The record preserved in cores through the thickest part of the Greenland ice cap goes back only to a little more than 120 thousand years ago, unlike in Antarctica where data are available for 800 ka and potentially further back still. One possible reason for this difference is that a great deal more snow falls on Greenland so the ice builds up more quickly than in Antarctica. Because ice flows under pressure this might imply that older ice on Greenland long flowed to the margins and either melted or calved off as icebergs. So, although it is certain that the Antarctic ice cap has not melted away, at least in the last million years or so, we cannot tell if Greenlandic glaciers did so over the same period of time. Knowing whether or not Greenland might have shed its carapace of ice is important, because if ever does in future the meltwater will add about 7 metres to global sea level: a nightmare scenario for coastal cities, low-lying islands and insurance companies.
One means of judging when Greenland was last free of ice, or at least substantially so, is based on more than a ice few metres thick being opaque to cosmic ‘rays’. Minerals, such as quartz, in rocks bared at the surface to ultra-high energy, cosmogenic neutrons accumulate short-lived isotopes of beryllium and aluminium – 10Be and 26Al with half-lives of 1.4 and 0.7 Ma. Once rocks are buried beneath ice or sediment, the two isotopes decay away and it is possible to estimate the duration of burial from the proportions of the remaining isotopes. After about 5 Ma the cosmogenic isotopes will have decreased to amounts that cannot be measured. Conversely, if the ice had melted away at any time in the past 5 Ma and then returned it should be possible to estimate the timing and duration of exposure of the surface to cosmic ‘rays’. Two groups of researchers have applied cosmogenic-isotope analysis to Greenland. One group (Schaefer, J.G. et al. 2016. Greenland was nearly ice-free for extended periods during the Pleistocene. Nature, v. 540, p. 252-255) focused on bedrock, currently buried beneath 3 km of ice, that drilling for the ice core finally penetrated. The other systematically analysed the cosmogenic isotope content of mineral grains at different depths in North Atlantic seafloor sediment cores, largely supplied from East Greenland since 7.5 Ma ago (Bierman, P.R. et al. 2016. A persistent and dynamic East Greenland Ice Sheet over the past 7.5 million years Nature, v. 540, p. 256-260). As their titles suggest, the two studies had conflicting results.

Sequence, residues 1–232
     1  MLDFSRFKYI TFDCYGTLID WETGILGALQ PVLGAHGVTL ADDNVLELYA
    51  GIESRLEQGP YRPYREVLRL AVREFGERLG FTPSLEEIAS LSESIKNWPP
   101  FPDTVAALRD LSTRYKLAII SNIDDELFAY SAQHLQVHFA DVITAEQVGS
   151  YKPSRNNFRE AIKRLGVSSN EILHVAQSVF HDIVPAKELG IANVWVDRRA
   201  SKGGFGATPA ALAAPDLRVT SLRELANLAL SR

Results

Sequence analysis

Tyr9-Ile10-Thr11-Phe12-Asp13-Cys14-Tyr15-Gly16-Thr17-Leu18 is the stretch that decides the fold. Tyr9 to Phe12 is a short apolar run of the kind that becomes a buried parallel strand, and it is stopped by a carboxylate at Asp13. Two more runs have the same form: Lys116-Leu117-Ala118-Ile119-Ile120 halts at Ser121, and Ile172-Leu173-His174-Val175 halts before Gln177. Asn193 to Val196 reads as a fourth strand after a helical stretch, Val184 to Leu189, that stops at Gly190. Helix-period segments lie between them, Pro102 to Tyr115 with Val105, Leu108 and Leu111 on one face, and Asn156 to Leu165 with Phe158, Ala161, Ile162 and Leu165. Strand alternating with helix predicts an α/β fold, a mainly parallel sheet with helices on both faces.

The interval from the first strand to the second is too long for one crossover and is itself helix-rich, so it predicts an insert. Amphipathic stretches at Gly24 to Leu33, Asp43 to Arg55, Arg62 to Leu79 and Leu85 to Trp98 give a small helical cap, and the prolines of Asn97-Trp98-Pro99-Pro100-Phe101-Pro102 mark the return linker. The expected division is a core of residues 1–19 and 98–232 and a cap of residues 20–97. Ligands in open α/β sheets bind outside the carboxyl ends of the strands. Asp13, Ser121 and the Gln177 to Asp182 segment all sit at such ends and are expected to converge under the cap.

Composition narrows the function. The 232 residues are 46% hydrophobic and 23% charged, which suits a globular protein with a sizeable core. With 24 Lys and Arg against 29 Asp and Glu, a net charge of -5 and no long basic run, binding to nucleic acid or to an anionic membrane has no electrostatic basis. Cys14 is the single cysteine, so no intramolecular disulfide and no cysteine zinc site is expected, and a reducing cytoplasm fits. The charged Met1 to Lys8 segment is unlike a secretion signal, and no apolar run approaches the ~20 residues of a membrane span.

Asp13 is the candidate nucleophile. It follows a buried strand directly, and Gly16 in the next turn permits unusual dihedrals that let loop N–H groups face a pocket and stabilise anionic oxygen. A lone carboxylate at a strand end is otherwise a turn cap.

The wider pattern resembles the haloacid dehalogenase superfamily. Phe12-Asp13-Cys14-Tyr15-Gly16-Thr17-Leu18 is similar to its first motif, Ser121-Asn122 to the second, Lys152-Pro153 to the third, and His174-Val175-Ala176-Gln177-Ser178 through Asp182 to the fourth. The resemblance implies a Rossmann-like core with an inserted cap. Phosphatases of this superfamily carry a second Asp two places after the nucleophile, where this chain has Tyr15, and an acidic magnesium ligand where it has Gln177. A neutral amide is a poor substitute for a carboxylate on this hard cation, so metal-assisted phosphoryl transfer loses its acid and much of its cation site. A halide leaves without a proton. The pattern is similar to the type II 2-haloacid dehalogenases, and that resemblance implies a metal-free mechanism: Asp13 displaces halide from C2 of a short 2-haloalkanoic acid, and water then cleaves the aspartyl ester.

The glacigenic sediment grains contained no more than 1 atom of 10Be per gram compared with the 5000 to 6000 in grains deposited and exposed to cosmic rays along the shores of Greenland since the end of the last ice age. These results challenge the possibility of any significant deglaciation and exposure of bedrock in the source of seafloor sediment since the Pliocene. The bedrock from the base of Greenland’s existing ice cap, however, contains up to 25 times more cosmogenic isotopes. The conclusion in that case is that there must have been a protracted, >280 ka, exposure of the rock surface in what is now the deepest ice cover at 1.1 Ma ago at most. Allowing for the likelihood of some persistent glacial cover in what would have been mountainous areas in an otherwise substantially deglaciated Greenland, the results are consistent with about 90% melting suggested by glaciological modelling.
Clearly, some head scratching is going to be needed to reconcile the two approaches. Ironically, the ocean-floor cores were cut directly offshore of the most likely places where patches of residual ice cap may have remained. Glaciers there would have transported rock debris that had remained masked from cosmic rays until shortly before calved icebergs or the glacial fronts melted and supplied sediment to the North Atlantic floor. If indeed the bulk of Greenland became ice free around a million years ago, under purely natural climatic fluctuations, the 2° C estimate for global warming by 2100 could well result in a 75% glacial melt and about 5-6 m rise in global sea level.